In my last post, I began a countdown of the top April Fools’ Day stories of the year from the world of urbanism. Admittedly, most of the stories aren’t the pranks that are the supposed mainstay of April Fools’ Day, but I’m using the day as a convenient excuse to deplete my stockpile of stories that are quirky, whimsical, cringeworthy, or just plain fun. And I’ll make no apologies for stretching the definition of April Fools’ Day.
Last time, I counted down the stories from #14 to #8. Today, I’ll continue upward to #1.
#7 Best Transit Ad: Although not from the past year, this ad for the Danish transit carrier Midttrafik is worth watching again because it points the way toward the next story on the list. The creative firm for Midttrafik was given great artistic latitude in their effort to make transit cool. And they took full advantage. Even without subtitles, the message would have been evident.
#6 Even Better Transit Ad: Midttrafik and their creative firm returned this year with an even better ad, involving a Paraguayan beauty queen and a burning Mercedes Benz. This time, we don’t even get the subtitles, only the Danish audio, but the message comes through fine.
#5 Seattle Graffiti: Graffiti takes the next three spaces on the list, beginning with a graffiti artist who writes in paint that is only visible when it rains. Luckily, he lives in Seattle, so his work is on display much of the time. (I don’t suggest that he relocate to the North Bay.)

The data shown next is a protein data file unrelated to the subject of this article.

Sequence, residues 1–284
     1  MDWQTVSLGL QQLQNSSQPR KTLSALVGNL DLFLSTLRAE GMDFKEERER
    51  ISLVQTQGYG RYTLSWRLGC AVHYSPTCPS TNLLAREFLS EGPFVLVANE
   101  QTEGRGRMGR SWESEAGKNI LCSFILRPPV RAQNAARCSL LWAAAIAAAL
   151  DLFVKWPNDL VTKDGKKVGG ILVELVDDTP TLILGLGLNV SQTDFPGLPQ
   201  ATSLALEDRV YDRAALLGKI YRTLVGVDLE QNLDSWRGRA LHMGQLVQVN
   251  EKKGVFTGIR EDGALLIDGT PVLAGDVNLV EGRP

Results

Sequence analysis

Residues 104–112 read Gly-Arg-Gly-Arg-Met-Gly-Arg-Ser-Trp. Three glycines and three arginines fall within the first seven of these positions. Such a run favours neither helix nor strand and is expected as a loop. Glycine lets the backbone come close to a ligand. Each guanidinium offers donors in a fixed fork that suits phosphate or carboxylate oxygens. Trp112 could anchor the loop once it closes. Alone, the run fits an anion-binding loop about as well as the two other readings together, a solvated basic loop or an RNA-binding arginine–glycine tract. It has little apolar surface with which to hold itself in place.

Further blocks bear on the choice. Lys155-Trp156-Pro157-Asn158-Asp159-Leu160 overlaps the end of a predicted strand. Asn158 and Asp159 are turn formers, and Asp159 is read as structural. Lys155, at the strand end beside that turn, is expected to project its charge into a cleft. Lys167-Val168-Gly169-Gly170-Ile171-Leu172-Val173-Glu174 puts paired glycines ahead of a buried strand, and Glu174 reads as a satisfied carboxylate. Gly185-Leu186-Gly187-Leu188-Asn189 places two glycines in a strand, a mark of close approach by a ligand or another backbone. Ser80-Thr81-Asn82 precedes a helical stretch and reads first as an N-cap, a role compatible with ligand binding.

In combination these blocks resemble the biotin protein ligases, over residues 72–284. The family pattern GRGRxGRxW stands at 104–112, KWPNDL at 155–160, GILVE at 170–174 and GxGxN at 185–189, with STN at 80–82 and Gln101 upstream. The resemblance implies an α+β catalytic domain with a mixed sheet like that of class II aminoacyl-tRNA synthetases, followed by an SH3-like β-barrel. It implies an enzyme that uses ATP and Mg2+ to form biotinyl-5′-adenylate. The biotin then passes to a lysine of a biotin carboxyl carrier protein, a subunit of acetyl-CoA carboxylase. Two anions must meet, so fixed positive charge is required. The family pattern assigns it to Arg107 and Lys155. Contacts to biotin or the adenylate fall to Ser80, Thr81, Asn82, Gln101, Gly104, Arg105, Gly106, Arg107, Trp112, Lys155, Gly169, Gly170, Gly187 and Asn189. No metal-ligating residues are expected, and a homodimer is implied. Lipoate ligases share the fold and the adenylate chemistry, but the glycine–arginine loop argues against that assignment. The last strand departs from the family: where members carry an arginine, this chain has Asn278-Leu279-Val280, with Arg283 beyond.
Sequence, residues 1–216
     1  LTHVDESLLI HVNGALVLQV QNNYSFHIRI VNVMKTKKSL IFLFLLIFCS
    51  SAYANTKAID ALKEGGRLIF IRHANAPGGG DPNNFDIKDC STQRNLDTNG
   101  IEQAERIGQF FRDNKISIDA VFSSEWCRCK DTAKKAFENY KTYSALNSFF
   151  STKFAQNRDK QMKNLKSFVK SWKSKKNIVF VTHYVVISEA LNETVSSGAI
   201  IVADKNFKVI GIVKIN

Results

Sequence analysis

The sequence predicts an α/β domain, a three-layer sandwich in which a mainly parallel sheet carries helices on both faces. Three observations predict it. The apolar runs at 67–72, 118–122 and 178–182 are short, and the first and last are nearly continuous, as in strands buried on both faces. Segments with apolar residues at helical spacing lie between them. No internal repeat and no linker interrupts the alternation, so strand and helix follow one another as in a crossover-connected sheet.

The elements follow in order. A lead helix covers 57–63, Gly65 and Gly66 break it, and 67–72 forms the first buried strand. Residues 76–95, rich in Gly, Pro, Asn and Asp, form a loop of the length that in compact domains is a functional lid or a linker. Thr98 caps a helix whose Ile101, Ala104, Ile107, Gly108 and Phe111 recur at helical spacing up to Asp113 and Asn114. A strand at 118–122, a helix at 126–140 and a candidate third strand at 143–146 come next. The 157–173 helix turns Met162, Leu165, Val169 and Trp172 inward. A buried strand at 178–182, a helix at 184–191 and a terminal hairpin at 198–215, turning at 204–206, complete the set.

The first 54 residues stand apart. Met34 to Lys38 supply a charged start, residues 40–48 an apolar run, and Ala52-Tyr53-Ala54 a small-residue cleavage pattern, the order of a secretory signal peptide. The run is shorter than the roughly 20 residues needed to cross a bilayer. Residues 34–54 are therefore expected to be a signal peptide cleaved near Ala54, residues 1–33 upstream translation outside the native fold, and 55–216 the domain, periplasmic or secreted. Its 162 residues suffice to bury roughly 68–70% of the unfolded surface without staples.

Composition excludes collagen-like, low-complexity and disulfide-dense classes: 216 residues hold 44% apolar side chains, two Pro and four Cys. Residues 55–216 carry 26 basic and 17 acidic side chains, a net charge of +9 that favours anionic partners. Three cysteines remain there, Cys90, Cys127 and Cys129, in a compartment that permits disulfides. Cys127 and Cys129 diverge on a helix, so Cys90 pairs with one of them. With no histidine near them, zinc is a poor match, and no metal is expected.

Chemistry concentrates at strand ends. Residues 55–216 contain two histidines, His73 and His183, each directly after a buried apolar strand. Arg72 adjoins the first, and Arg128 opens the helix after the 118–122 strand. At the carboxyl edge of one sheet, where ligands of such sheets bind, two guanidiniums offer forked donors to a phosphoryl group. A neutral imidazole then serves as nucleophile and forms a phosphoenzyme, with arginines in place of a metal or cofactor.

#4 Graffiti Grammar: Faced with a repressive regime in Ecuador, a small and anonymous group tries to pushback in their own individual fashion by correcting grammatical mistakes in graffiti. And it’s a surprisingly democratic effort, with the group meeting to debate the corrections before undertaking their tasks.
#3 Chalk Drawings: Next up is an Ann Arbor graffiti artist who does chalk drawings that are wonderfully creative, quirky, and endearing.
#2 Interactive Billboard: In a story that would have been #1 before a late entry took away the top spot, a designer conceived and executed a video billboard linked to sensors which detect whether passersby are on foot or in cars. Walkers get applause, joggers get wild enthusiasm, and drivers get silence.
#1 Preserving Bad Plazas and More: The Project for Public Spaces had great fun with April Fools’ Day, writing stories that would have taken multiple places in my list if they hadn’t all been on the same webpage. The lead story covers a newly announced government initiative to historically preserve the poorly conceived public plazas of the 1970s that so irritate proponents of good public places. But the story that gave me the biggest laugh was the one at the bottom, asking whether a park bench was blue/black or white/gold.
I’m already collecting links for the 2016 April Fools’ Day posts. If I work diligently, perhaps I can make it a three-post event.
In my next post, I’ll celebrate the return of baseball by updating my annual listing of North California ballparks that can be easily reached by foot, bicycle, or transit.
As always, your questions or comments will be appreciated. Please comment below or email me. And thanks for reading. - Dave Alden (firstname.lastname@example.org)